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|Title:||BRAIN MECHANISMS OF SPEECH PROCESSING IN NEWBORNS: TWO OPTICAL IMAGING STUDIES|
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|Authors/Affiliations:||1 Judit Gervain*; |
1 Department of Psychology, UBC;
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|Content:||Objectives: Behavioral results (Marcus et al. 1999 etc.) show that young infants can extract basic structures from the language input. Another line of research, behavioral and neurophysiological (Ramus et al. 1999; Pena et al. 2003), suggests that neonates exhibit efficient perceptual learning abilities. As a synthesis, we carried out two near-infrared spectroscopy (NIRS) experiments to investigate how early the precursors of syntax acquisition appear.|
Materials and Methods: Neonates’ brain activity was measured in two experiments (N1=20, N2=22) using NIRS. Both experiments compared responses to two artificial languages, a test language with a predefined structure and a control language with no structure, but otherwise similar to the test language. In Experiment 1, the control language generated trisyllabic sequences with no internal structure (e.g., ABC: “mubage”), whereas the test language consisted of trisyllabic sequences with an immediate repetition (ABB: “mubaba”). In Experiment 2, the control was identical, while the test language had an ABA structure, i.e. a non-adjacent repetition. The two languages were played to newborns in 18-second-long blocks. Fourteen blocks were created for both languages, and were presented in an intermixed, pseudo-random order.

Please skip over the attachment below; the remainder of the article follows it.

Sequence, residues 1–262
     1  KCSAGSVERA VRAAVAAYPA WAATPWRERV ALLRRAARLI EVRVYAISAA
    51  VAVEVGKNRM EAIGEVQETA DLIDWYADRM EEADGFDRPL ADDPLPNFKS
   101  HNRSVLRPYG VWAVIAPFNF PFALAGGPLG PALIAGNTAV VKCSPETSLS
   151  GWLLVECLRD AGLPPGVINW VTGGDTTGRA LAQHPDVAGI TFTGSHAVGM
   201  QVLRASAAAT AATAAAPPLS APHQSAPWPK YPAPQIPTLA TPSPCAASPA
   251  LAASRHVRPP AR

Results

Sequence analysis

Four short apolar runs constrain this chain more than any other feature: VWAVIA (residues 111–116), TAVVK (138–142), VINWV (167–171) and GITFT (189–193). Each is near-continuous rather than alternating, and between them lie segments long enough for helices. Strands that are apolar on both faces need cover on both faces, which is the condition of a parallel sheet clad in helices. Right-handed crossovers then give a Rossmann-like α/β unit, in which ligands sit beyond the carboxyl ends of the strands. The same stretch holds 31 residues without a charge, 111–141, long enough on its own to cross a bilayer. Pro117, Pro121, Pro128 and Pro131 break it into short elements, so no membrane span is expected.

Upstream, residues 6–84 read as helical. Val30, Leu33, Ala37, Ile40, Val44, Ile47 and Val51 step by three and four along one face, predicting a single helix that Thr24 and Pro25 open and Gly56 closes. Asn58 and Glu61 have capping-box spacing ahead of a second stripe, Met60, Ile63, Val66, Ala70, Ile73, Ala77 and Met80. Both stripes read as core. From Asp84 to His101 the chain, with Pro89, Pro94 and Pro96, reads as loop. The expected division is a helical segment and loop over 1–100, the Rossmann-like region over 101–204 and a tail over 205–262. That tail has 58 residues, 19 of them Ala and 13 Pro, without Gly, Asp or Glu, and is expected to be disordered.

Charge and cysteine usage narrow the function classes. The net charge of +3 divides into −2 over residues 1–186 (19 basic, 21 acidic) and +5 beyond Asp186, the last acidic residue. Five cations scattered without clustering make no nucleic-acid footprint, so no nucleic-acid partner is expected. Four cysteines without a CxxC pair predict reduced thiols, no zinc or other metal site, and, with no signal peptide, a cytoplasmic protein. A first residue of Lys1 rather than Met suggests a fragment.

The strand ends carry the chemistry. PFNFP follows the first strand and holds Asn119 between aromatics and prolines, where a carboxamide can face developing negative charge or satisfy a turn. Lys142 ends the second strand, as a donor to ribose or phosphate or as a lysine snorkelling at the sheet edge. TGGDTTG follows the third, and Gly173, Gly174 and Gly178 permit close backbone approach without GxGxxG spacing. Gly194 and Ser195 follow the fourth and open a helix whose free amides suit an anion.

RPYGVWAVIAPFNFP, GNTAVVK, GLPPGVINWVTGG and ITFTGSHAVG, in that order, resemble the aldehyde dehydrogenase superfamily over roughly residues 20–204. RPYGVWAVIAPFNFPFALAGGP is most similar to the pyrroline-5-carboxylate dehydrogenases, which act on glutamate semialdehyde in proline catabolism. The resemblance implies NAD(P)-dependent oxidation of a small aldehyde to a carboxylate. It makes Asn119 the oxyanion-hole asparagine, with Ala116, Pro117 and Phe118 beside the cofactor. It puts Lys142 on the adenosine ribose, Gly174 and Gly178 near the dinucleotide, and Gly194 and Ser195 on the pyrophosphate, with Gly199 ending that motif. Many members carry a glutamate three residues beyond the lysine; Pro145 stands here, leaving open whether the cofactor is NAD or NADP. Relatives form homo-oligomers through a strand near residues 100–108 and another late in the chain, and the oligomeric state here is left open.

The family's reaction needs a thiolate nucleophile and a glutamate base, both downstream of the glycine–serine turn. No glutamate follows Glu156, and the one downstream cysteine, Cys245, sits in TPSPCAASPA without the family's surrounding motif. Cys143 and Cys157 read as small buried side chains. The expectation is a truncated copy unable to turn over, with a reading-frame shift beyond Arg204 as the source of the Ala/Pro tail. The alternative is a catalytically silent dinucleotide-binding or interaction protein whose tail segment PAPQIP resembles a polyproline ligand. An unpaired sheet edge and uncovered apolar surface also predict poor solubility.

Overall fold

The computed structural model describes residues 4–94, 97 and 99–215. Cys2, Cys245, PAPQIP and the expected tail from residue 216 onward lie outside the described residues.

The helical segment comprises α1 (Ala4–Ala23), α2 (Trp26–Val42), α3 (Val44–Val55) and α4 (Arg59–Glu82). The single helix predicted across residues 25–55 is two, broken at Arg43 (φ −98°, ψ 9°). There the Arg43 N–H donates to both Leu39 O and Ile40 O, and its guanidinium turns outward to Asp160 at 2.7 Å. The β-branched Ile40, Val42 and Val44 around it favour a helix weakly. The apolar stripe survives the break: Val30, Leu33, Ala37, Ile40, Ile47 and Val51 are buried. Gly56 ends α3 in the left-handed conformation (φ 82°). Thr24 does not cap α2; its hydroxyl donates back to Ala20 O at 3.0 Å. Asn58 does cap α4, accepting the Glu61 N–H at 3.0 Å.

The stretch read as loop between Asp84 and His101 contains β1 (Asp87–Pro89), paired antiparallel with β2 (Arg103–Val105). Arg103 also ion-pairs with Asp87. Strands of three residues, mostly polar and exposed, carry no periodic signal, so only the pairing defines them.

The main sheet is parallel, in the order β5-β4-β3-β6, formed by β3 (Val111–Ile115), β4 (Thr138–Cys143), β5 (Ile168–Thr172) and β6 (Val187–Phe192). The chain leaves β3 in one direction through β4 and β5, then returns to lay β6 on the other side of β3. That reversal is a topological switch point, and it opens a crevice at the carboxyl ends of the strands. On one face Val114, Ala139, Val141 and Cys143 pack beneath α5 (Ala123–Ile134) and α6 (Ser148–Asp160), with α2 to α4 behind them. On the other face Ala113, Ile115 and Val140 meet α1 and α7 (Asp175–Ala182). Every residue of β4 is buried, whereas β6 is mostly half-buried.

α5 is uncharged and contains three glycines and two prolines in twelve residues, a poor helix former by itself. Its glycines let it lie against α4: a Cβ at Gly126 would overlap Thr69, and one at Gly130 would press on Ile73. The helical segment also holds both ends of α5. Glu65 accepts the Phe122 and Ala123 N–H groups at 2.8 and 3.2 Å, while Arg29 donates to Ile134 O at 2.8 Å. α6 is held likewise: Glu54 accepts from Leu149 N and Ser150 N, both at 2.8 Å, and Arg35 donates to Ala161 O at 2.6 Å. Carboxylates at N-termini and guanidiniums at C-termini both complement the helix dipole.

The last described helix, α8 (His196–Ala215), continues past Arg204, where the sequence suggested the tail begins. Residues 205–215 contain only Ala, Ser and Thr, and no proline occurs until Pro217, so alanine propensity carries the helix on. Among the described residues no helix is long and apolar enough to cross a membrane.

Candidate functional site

The optical sensors were placed on the frontal and temporal areas of both hemispheres (12 channels/hemisphere), measuring changes in oxygenated hemoglobin concentrations. To analyze the data, we conducted an analysis of variance with factors Grammar (test/control), Hemisphere (LH/RH) and ROI (temporal/frontal).
Results: In Experiment 1, we obtained a significant main effect of Grammar (F(1,19)=5.516, p=0.030), due to a larger activation for the ABB grammar overall. The interactions Grammar X ROI (F(1,19)=6.321, p=0.021) and Hemisphere X ROI (F(1,19)=6.603, p=0.019) were also significant. The interaction Grammar X Hemisphere showed a trend to significance (F(1,19)=3.094, p=0.095). We also analyzed the temporal evolution of responses during the course of the experiment. In an ANOVA with factors Grammar (test/control) X Time (beginning/end), we obtained a significant main effect of Grammar (F(1,21)=7.174, p=0.015). There was a significant interaction between Grammar and Time (F(1,21)=6.136, p=0.023). This suggests that the newborn brain detects immediate repetitions in speech, as indicated by the differential activation to ABB. The increase of this response over time is interpreted as a memory trace for the abstract pattern.
In Experiment 2, we obtained a significant effect of ROI (F(1,21)=9.506, p=0.006) due to greater activation in the temporal than in the frontal areas. No other main effects or interactions were significant. These results suggest that non-adjacent repetitions are not detected as perceptual Gestalts by the newborn brain.
Conclusion: Our findings imply that the perceptual system may play an important role in learning the structural regularities of language. For neurodevelopment, the results suggest that the newborn brain shows some functional specializations characteristic of the mature brain.
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